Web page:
Shooting suspect to fight handover to Belgium

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AFP/The Local - [email protected]
Shooting suspect to fight handover to Belgium
Apolin Pepiezep, the lawyer of Brussels shooting suspect Mehdi Nemmouche speaks to the press, on June 4th, 2014 outside the Appeal court of Versailles. Thomas Samson/AFP

Mehdi Nemmouche, the French Islamist arrested on suspicion of a triple murder at the Brussels Jewish Museum, is to contest being handed over by France to Belgium, his lawyer said Wednesday.


Nemmouche, 29, was arrested in Marseille on Friday. He wants to stand trial in France and will fight a European arrest warrant issued by the Belgian authorities, the lawyer, Apolin Pepiezep told AFP.

Nemmouche's decision to contest the warrant could delay by several weeks his return to Belgium, where authorities wish to question him in connection with a shooting last week which left three people dead and another man in a critical condition with no prospect of recovery.

A first hearing on the arrest warrant has been scheduled for Thursday at an appeal court in Versailles, in the Paris suburbs.

"We want him to be judged in France, first of all because he is French and he is in France," Pepiezep said, emphasising that some of the charges Nemmouche faces, such as the illegal carrying of arms, have been brought by the French authorities.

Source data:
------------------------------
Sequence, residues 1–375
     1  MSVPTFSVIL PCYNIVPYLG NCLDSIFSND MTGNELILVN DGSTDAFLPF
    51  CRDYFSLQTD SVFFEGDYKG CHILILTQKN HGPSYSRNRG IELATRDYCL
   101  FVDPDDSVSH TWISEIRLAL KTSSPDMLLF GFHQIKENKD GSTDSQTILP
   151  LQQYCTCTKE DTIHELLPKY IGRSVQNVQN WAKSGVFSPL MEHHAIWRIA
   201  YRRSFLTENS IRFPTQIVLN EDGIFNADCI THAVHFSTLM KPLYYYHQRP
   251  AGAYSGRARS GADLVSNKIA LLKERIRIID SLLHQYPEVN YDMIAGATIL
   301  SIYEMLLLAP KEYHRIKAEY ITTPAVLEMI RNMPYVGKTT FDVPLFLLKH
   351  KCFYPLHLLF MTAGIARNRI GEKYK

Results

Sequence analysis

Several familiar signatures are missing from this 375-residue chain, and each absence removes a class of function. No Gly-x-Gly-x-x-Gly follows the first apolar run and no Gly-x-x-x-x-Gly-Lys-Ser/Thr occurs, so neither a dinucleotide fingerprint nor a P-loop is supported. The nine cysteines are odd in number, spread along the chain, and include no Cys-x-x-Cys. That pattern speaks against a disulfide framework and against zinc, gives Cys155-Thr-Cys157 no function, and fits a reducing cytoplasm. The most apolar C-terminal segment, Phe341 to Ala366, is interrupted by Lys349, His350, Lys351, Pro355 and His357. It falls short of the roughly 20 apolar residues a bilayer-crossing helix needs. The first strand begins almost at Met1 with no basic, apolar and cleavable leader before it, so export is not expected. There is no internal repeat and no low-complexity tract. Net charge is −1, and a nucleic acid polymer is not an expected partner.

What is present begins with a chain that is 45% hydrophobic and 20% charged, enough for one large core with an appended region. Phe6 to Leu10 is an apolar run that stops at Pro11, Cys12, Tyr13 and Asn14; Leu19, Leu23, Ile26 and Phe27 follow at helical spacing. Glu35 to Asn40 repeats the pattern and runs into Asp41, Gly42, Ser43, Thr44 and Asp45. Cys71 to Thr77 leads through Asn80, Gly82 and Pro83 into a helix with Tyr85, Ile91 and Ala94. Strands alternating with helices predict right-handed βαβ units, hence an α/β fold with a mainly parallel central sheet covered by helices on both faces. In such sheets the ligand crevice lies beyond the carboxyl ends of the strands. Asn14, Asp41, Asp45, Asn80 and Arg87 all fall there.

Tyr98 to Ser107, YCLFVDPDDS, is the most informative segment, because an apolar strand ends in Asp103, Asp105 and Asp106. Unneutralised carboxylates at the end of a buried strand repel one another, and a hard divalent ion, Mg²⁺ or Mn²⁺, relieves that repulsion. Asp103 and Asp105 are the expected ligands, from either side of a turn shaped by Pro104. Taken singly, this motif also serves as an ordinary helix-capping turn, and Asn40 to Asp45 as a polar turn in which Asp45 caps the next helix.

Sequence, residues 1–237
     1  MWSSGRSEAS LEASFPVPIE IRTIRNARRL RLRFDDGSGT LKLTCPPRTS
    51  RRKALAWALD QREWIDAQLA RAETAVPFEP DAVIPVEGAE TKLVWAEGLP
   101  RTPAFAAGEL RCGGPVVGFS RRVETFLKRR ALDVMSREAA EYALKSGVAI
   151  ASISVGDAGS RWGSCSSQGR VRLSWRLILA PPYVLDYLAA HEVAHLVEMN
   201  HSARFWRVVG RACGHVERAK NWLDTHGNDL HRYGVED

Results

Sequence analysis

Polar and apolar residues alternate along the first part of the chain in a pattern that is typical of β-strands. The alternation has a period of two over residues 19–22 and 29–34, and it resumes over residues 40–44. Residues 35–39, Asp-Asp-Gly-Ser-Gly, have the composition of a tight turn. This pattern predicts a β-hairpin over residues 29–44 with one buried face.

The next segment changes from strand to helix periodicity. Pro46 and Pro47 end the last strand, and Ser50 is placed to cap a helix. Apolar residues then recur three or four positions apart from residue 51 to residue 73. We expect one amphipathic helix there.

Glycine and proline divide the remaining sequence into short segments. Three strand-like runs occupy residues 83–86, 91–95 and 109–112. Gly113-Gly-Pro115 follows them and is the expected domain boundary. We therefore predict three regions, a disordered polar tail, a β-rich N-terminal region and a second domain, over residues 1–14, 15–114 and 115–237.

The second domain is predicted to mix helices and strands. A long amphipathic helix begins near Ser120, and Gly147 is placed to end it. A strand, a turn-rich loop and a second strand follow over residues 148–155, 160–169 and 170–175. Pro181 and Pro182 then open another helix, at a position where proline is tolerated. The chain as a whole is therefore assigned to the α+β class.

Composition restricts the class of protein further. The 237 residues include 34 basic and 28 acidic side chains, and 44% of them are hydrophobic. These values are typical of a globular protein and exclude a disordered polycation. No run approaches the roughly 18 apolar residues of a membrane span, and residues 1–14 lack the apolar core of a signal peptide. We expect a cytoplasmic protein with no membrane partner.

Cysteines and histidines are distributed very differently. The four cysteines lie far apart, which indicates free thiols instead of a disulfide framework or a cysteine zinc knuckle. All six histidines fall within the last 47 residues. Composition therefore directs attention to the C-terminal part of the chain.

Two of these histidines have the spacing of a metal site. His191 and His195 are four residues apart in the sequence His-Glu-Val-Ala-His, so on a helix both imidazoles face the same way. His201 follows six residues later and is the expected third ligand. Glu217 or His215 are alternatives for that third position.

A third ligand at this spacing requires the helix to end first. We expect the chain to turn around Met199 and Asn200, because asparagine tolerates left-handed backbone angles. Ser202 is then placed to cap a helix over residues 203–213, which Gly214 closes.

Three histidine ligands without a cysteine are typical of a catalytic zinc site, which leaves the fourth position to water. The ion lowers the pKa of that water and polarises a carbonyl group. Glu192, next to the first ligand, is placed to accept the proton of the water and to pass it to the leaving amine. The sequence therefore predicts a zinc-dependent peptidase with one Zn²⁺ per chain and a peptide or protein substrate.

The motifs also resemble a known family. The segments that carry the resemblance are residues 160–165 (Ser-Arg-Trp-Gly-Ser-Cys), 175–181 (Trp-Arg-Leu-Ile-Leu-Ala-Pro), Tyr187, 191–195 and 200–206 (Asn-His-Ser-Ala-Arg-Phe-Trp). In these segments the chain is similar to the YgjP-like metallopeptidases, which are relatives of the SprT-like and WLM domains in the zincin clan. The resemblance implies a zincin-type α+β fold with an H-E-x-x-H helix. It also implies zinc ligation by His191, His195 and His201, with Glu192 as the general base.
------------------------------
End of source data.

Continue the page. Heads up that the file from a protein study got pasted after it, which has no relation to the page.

Nemmouche was arrested in possession of a Kalashnikov and a pistol similar to the weapons used in the museum killings. He was also found to be carrying a camera on which he appeared to have filmed himself admitting responsibility for the attack, according to police sources.

"My client and I weighed up the pros and cons and agreed to oppose the request," the lawyer added. "We prefer that his case should be handled under French jurisdiction and we will argue that before the appeal court tomorrow."

The lawyer said he would not rule out an appeal in the event that Thursday's hearing results in the court supporting his client's transfer to Belgium.

Under European procedures -- which are designed to be much quicker than a full extradition process -- the suspect will have three days to appeal and the higher court will then have 40 days to issue a ruling on whether the handover can go ahead.


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